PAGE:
unveiled suddenly under leaves scurries
a subgothic dart moth (Feltia subgothica)

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Blending life into our bend of steps where autumn falls —
a large maple spanworm moth (Prochoerodes lineola).

 

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Curiously of a sudden

a fork-tailed bush katydid (scudderia furcata)*

appears, out of somewhere, to greet

the latest monarch release.

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*Best guess. Out of the eight species of bush katydid (scudderia), the fork-tailed (s. furcata) is said to be most common. Compare scudderia at Katydids North of Mexico.

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basking on your porch cement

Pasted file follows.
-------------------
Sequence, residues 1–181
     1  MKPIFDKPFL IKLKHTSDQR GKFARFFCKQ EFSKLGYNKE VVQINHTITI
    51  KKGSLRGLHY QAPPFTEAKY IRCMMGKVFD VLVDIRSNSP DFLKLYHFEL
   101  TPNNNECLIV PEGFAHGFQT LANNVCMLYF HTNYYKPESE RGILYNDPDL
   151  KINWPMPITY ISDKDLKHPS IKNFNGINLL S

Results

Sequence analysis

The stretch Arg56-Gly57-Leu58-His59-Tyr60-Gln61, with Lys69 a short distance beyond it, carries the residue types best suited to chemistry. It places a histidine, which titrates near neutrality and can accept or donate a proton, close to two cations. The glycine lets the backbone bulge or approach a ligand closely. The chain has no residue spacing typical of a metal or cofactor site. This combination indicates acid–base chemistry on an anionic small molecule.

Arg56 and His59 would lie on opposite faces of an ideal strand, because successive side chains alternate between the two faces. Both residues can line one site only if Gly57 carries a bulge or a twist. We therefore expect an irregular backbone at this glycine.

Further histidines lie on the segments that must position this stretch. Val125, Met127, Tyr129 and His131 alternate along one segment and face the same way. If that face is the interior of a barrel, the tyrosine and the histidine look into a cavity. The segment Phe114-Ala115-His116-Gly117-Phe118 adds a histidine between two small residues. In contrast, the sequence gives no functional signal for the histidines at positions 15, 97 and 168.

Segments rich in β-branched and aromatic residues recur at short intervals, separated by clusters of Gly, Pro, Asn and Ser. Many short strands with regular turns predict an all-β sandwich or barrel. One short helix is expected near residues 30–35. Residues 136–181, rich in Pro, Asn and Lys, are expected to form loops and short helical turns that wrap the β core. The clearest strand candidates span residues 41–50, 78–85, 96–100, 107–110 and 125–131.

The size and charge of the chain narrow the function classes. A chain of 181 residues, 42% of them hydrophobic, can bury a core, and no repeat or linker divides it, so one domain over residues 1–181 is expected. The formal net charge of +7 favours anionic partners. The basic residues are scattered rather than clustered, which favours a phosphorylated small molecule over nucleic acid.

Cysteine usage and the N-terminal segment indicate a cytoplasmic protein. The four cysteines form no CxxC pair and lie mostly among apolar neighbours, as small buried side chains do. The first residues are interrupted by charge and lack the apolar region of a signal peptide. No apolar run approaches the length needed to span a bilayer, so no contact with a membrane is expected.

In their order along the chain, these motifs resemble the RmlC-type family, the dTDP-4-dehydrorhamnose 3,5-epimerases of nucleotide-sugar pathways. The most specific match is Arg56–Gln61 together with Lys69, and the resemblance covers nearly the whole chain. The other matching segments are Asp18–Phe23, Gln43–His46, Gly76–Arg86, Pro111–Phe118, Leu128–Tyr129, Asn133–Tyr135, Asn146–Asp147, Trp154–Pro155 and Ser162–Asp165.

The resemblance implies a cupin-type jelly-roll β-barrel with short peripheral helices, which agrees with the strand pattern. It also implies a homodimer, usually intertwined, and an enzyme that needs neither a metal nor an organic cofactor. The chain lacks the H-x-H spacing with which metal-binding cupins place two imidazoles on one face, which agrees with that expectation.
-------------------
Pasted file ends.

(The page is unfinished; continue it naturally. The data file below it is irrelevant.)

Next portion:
a sunny young goldfinch

met the cool near summer’s end

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Barely visible Myzocallis asclepiadis aphids in various life-stages

cling to the bottoms of milkweed leaves that I glean to clean

and feed to the season’s last monarch caterpillars.

All summer these underleaf-feeding aphids have been dropping what ecologist Anurag Agrawal calls “honeydew” excrement for ants and maybe others to eat on the leaftops below (a process just beyond the discretion & ability of this camera — so we’ll take his word for it).

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How often, so easily, might we overlook you, leaf-like little planthopper.

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Northern flatid planthoppers are common here on the stems of plants they might eat.

But I could not resist the dramatic image of one on the ground it will someday feed.

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ID Reference (U of DE)